Wednesday, August 12, 2015

Are You Raising Your Kids?

I remember being angry when I read an article (about raising children) that said that pretty much no matter what path you chose, your kids would grow up okay, so you shouldn't worry about it too much. That was the gist of the comment, but in context it felt like a slap in the face to those of us who try so hard to raise our children.

Here's the thing, kids do grow up. One day they will figure out how to live in society and get along with others. But what a horrible childhood and adolescence if they have no one to help them out along the way!

I was talking with my husband the other day about this, and he said there's a difference between growing up and being raised. That hit me pretty hard.

Now, I'm not saying I'm a parenting expert, or that I'm doing a better job of raising my kids than another parent with their kids. I'm only saying that we shouldn't let it take a back seat to everything else that is going on in our life.

I know that some parents have a lot going on (single parents, two-income families, lack of extended family support, special needs etc.). But rather than give these parents an "out" by saying just let them grow up and they'll be fine, let's try to give them a hand up. Offer the single parent some time off so they can deal with their kids a little less stressed. Give the two-income family a hand up by offering to cook dinner or fold some laundry, or mow the lawn. Give the family with no extended family some free babysitting or outgrown clothes or books. We need to live together as a community, not stay in our own little castles keeping our princes (or princesses) safe from the outside world.

Now, how do you raise your own children? I will agree that the method isn't as important as people make it. Here are a few simple steps to consider.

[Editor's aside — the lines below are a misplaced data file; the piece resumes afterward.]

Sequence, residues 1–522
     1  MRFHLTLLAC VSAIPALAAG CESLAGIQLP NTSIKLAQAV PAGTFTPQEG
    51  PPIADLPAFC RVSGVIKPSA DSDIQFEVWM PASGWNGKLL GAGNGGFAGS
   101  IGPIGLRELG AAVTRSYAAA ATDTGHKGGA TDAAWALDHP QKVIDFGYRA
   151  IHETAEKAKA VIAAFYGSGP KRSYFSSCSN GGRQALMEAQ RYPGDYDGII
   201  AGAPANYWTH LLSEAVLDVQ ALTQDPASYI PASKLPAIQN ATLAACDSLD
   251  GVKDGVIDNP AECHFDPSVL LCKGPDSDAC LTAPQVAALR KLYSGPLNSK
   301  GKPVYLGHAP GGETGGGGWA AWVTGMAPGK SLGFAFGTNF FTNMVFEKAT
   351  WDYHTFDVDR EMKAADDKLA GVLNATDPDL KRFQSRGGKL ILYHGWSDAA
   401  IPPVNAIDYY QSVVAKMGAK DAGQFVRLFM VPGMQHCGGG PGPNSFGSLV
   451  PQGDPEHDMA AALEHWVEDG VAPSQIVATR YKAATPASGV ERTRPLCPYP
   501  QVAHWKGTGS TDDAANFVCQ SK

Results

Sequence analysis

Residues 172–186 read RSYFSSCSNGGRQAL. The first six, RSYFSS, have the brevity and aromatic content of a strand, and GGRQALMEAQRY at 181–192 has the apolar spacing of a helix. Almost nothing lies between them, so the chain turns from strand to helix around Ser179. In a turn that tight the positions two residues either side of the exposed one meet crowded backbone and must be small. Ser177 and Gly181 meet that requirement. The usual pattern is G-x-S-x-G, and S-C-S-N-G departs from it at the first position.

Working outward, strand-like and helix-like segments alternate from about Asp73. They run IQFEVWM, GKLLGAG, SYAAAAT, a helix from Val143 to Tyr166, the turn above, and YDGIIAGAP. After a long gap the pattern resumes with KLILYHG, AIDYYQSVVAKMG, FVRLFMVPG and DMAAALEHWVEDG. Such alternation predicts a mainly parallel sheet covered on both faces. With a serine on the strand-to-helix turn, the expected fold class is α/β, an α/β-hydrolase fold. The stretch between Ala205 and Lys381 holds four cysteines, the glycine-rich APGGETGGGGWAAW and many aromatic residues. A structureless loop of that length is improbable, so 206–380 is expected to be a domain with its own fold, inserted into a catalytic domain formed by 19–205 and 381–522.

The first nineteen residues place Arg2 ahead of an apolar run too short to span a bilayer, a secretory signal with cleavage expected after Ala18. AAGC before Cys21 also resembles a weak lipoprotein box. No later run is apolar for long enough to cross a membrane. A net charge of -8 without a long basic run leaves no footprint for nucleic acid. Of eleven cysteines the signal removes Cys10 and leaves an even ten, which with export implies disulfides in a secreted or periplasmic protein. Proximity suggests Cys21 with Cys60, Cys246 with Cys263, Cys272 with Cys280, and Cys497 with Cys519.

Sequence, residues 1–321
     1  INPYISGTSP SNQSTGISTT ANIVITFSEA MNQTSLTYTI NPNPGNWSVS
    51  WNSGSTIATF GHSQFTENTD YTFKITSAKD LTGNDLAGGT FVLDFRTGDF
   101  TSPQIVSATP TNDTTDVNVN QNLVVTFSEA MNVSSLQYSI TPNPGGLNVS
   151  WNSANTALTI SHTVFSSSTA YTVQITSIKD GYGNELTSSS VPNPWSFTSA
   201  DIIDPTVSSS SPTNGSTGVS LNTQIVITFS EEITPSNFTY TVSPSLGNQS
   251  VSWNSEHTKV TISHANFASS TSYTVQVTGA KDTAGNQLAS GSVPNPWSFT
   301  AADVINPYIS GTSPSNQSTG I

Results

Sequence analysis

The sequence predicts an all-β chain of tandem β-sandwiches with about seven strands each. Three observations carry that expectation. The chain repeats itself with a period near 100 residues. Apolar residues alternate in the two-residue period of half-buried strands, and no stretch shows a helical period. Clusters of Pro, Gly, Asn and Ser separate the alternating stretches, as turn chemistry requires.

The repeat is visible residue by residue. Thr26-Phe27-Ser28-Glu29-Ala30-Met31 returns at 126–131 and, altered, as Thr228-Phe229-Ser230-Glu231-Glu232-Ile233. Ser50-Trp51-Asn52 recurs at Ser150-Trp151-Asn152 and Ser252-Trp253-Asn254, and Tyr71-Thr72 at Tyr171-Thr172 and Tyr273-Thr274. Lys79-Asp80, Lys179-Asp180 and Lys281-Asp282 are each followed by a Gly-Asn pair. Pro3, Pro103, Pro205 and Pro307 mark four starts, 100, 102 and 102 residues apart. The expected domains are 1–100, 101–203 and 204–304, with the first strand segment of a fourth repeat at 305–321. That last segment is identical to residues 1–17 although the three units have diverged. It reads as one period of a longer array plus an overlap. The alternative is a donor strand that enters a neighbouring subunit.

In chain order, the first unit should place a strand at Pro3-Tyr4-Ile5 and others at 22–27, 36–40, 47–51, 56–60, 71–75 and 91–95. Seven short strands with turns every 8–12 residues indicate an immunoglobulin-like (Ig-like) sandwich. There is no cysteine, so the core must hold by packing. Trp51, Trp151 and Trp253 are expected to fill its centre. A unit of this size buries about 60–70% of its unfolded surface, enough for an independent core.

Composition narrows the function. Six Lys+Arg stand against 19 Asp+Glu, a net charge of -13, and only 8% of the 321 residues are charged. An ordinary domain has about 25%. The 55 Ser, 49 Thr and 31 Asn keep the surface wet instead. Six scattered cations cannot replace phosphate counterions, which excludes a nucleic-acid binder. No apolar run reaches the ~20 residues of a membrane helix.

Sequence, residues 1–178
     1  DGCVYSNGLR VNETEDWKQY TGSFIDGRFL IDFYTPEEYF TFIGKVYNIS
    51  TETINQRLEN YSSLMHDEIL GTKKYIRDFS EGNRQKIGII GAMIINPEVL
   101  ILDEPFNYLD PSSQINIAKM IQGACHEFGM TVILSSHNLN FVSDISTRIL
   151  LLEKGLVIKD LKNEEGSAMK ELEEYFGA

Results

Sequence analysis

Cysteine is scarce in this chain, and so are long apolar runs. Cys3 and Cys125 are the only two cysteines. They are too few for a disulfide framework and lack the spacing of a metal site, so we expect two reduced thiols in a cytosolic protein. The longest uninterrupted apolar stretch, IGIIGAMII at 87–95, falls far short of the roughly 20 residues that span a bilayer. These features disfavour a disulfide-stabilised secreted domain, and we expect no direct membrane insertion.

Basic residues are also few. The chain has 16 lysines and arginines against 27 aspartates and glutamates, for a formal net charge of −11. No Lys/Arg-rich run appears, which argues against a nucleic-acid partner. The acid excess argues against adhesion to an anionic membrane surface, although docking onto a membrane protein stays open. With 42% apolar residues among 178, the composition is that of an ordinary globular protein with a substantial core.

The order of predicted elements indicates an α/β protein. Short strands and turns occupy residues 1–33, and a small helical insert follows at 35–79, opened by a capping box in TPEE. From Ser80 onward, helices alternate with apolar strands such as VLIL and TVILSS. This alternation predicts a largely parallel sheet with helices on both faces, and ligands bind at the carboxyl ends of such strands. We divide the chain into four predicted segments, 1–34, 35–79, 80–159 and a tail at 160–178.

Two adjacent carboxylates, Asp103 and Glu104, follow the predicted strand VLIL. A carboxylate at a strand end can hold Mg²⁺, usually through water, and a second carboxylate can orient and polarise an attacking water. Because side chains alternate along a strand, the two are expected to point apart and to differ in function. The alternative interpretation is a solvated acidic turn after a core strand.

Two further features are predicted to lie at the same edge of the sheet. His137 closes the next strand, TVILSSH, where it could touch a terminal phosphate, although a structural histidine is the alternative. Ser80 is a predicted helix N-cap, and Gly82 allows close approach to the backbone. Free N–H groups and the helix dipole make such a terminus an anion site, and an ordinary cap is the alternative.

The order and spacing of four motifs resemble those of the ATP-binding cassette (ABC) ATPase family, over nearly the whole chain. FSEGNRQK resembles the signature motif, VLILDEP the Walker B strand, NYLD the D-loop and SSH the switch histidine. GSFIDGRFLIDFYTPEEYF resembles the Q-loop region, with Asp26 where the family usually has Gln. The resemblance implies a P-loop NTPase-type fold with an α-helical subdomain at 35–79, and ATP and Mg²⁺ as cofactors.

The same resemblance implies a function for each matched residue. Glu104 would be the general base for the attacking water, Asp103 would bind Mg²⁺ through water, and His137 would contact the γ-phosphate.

1. Mission Statement. Take some time with your spouse or by yourself and make a mission statement for your family. I know a family that relates most of their "child-rearing" to getting along with others and competition. That's fine, as long as it's cohesive in their mind what they are raising their children for. Again, I do agree that to some extent the how doesn't matter, as long as you are okay with where you are leading your children. Our personal mission statement will be much different than yours.
  2. Family Statement. Especially if you have older children, let them in on the fun! Have them come up with some ideas of what they want their family to be. Their heart and passion may surprise you!
  3. Family Rules. These should not just be rules for the kids. Depending on your kids they won't let it be. Keep the number of rules according to average ages of your children. For pre-school children, keep the rules to 3-5. Early elementary may be able to handle 4-6 rules. Later elementary and early middle school could handle 5-7 rules. Once your kids are teenagers, start dropping the rules back. Your teenager (hopefully) does not need a rule to keep hands and feet to themselves, and also needs to start developing a personal moral code rather than solely a family code.
  4. Consistency. Here's the big thing that should result from all of the above. Your corrections, your enforcement, your consequences, your daily schedule should all wrap around your personal and family mission statement and family rules. Whatever you do with your thoughts, your time, your finances, should reflect your mission statement. If not, you may need to make more changes than just in raising your children. Raising your children is not just discipline, but a lifestyle. If you are only disciplining your children, but they see you living something completely different, then your discipline is ineffective. If you don't have faith and passion regarding your family rules, then your discipline will not be enforced consistently, and your discipline will be ineffective. 
  5. KISS. Put the KISS principle in play (keep it simple, silly). If you're talking all the time to your kids about the same thing, they will stop listening. If you are having to constantly enforce a rule (past the age of 3 or 4) then it may be either a rule you need to get rid of, or you've not been enforcing it the right way. Any needed discipline should be simple with a short explanation and a swift and rational consequence.
Seeing yourself reflected in your kids can either be a disheartening prospect or an encouraging one. If you're feeling disheartened on a regular basis, consider making some changes in how you raise your kids. It's hard work, but it's definitely worth it.

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